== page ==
Why? Because the 4.5-oz Gibraltar glass is redundant with the regulation 4.75-oz ceramic cappuccino cup. (James obviously knew this when he started his experiments.) Both are sufficient for containing the 150-ml Italian regulation cappuccino. Except that the ceramic cup is explicitly designed with thermal and aesthetic properties for consuming a cappuccino.
The problem is that few people in America have experienced a true, regulation cappuccino. As illustrated in the photos below — comparing a medium cappuccino from Peet’s Coffee & Tea with a 4.75-oz regulation Intelligentsia-branded cappuccino cup — Americans drown their cappuccino in so much milk that the typical cappuccino technically qualifies as a caffè latte (latte being Italian for “milk”).
So when a local food & fashion magazine such as 7×7 says that the Gibraltar is a “MUST ORDER” at Blue Bottle Cafe, and that it ranks #28 on the “100 Things to Try Before You Die”, this is basically shorthand for, “We’ve never had a properly made regulation cappuccino in our lives, so we’re willing to worship it in a cheap restaurant supply glass.”
It’s things like this that make it easy to be cynical about consumer behavior, particularly among self-described foodies. We would dismiss this misplaced (and misinformed) obsession with the Gibraltar as just a lone opinion in 7×7 magazine, but we personally know too many knowledgeable people working professionally in the quality food business who also contribute to the Gibraltar’s cult-like status.
Where’s the harm in that, you say? We’ve long lamented that genius chefs are often coffee fools, but many of these food writers and bloggers serve the role of influencers and arbiters of taste. Trouble arises when they spend more energy trying to be precious than focusing on quality.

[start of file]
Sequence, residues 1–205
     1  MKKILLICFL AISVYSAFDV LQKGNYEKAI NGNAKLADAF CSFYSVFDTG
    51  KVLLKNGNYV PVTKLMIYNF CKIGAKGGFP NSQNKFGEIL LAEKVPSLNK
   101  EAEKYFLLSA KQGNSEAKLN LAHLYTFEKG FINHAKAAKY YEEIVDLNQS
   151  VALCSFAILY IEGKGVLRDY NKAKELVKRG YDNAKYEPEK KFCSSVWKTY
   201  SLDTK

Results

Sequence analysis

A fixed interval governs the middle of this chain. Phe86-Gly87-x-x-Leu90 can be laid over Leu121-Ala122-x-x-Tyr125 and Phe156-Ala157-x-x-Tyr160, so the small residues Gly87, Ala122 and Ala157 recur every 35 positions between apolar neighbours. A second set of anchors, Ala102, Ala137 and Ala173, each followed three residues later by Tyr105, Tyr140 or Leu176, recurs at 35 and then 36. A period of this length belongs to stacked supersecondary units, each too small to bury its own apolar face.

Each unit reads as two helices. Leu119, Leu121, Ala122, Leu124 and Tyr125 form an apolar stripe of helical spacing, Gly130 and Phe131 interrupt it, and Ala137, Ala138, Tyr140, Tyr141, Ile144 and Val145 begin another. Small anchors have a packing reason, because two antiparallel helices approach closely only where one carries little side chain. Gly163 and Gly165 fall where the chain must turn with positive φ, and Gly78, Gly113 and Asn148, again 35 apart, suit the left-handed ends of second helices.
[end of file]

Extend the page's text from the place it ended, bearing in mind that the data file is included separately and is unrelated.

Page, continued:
The trap of this preciousness is the illusion of exclusivity. This makes the Gibraltar a cousin of what we’ve previously called the Malaysian street food experience: cafés that serve espresso out of the alleyways of heroin deals, stripping themselves of all customer amenities, to fabricate an image of exclusivity. The Gibraltar grew out of behind-the-scenes experimentation carried out in a Hayes Valley alleyway, and to this day the Gibraltar has never been featured on a Blue Bottle coffee menu — even though Blue Bottle’s espresso machines sport stacks of Gibraltar glasses in anticipation of the inevitable orders. (Mr. Freeman doesn’t receive enough credit for his clever marketing savvy, even if the cult of the Gibraltar was far from his intentions.)
So instead of encouraging people to enjoy a proper espresso drink served in a proper cup, this desire for the illusion of exclusivity ends up proliferating ignorance (about the existence of the regulation cappuccino) and trumping a better sensory experience (drinking out of cappuccino cups instead of cheap restaurant supply glasses). The next thing you know, the Gibraltar — and not the regulation cappuccino — is being held up as a standard in London cafés.
In an article from London posted last month on this subject, Steve Ford put it this way:
I’ve never really talked about the Gibraltar for publication, partly because I think it was very much of a time and place – that being the Bay Area circa 2005. The fact that I’m talking about it now is mostly because I’ve given up on the original idea. There WAS something special about it back then. Now, it’s just another drink on the menu to me, and like so many cappuccinos, generally prepared poorly or just wrong. Every year people ask about it, so I can track how far the idea has gone, but the fact that it’s all the way in the UK and I have no idea how it got there is disappointing. And not to be too melodramatic, but I feel like the soul of the drink has been lost. It used to be something unique, and now it’s just another piece of fucking latte art.
There you have it: the Gibraltar as the Fool’s Cappuccino. James Freeman, always looking at the bright side, still offers Gibraltars in his cafés “off the menu” because he sees demand for it as a way of weaning people off paper cups and overly milky caffè lattes. But for some of us, the Gibraltar represents a faddish Band-Aid for how badly America screwed up the cappuccino.